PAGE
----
The newspaper industry has been waning over the past few decades. Dozens of newspapers have folded since the advent of the Internet. According to the Pew Research Center, local newspaper circulation has declined by 27 percent over the last fifteen years and the number of statehouse reporters has fallen by nearly 40 percent.
The latest victim is the New York Daily News, a venerable tabloid that is known for its provocative front pages and that has won 11 Pulitzer Prizes throughout its 99 years of existence. Most recently, the paper shared a Pulitzer with ProPublica “for its exposure of how the New York Police Department used an obscure civil enforcement law to evict hundreds of poor people from their homes without their being able to challenge the move first.”
Like many American newspapers, the New York Daily News had been losing money for years as its circulation plummeted even more than that of its chief rivals — the New York Post and the New York Times. It was brought out from bankruptcy in 1993. Chicago-based Tronc (formerly known as Tribune Publishing Company), the newspaper chain that owns the Chicago Tribune and papers in Baltimore, Hartford, and Orlando, among others, purchased the paper last year from billionaire media and real-estate mogul Mort Zuckerman for $1 and the assumption of operational and pension liabilities.
But late last month, Tronc announced a fundamental restructuring of the New York Daily News:
To capture the opportunities ahead and address the significant financial challenges we have faced for years, we are fundamentally restructuring the Daily News. We are reducing today the size of the editorial team by approximately 50 percent and re-focusing much of our talent on breaking news — especially in areas of crime, civil justice and public responsibility. We know our readers look to us for a unique point of view, and we believe these topics offer our best opportunity to differentiate our reporting. We will, of course, continue to cover local news, sports and other events, but our approach will evolve as we adapt to our current environment.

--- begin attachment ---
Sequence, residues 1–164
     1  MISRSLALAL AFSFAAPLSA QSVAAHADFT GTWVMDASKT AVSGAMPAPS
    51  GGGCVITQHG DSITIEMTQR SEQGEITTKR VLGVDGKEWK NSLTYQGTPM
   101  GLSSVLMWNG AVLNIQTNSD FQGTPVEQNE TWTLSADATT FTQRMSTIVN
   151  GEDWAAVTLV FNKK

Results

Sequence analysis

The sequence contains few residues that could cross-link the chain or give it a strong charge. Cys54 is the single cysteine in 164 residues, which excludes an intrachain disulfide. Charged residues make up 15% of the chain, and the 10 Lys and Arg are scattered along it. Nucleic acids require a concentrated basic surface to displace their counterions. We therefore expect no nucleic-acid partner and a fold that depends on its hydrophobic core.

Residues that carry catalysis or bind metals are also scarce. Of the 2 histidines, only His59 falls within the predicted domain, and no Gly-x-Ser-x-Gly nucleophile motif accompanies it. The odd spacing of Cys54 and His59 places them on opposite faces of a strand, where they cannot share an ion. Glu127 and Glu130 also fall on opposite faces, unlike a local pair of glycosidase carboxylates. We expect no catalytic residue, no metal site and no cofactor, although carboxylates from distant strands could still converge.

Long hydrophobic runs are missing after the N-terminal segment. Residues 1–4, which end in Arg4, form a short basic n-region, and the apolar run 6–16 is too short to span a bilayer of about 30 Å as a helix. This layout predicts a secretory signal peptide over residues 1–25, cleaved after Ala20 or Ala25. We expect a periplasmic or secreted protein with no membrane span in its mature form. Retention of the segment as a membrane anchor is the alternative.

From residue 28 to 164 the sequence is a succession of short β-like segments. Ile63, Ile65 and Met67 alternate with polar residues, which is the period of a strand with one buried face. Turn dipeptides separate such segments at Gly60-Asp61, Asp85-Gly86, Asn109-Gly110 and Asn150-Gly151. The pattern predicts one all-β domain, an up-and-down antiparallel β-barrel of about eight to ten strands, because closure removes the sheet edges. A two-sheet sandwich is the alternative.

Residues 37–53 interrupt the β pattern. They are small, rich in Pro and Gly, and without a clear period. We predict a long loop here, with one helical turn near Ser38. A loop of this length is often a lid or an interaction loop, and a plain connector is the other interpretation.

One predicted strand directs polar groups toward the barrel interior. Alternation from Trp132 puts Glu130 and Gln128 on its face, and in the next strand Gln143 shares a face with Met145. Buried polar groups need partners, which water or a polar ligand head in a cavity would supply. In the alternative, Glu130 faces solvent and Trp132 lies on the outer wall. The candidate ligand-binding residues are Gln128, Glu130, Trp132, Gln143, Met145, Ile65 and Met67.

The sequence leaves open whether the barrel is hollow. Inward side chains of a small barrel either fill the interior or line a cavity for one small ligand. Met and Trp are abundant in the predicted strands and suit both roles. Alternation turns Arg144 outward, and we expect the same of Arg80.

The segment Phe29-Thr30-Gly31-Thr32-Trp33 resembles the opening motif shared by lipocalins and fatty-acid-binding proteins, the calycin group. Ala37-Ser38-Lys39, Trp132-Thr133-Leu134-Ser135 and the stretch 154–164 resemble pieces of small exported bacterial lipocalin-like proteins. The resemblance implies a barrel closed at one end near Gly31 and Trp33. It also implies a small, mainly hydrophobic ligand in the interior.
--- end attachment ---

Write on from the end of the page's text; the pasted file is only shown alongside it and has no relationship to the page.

The layoffs included the paper’s editor, Jim Rich, who tweeted, “If you hate democracy and think local governments should operate unchecked and in the dark, then today is a good day for you.”
NPR’s media correspondent David Folkenflik expressed similar thoughts on NPR’s Morning Edition: “The move now to gut the Daily News’s newsroom will be a blow to local watchdog journalism in the nation’s largest city.” “I think you’re going to see a lot less of the kinds of coverage exposing wrongs by city officials, by major developers, by police officers,” he added later that day on NPR’s All Things Considered. Folkenflik believes that the staff cuts at the New York Daily News serve “a big blow to local watchdog journalism in New York” that is “also reflective of local journalism being cut across America.” The All Things Considered host, Audie Cornish, said in the introduction to her interview with Folkenflik, “There’s a conversation growing about where Americans will learn about what’s happening in their communities, a fear that local news is under attack. This comes after the New York Daily News, a punchy tabloid, was sucker-punched by Tronc.”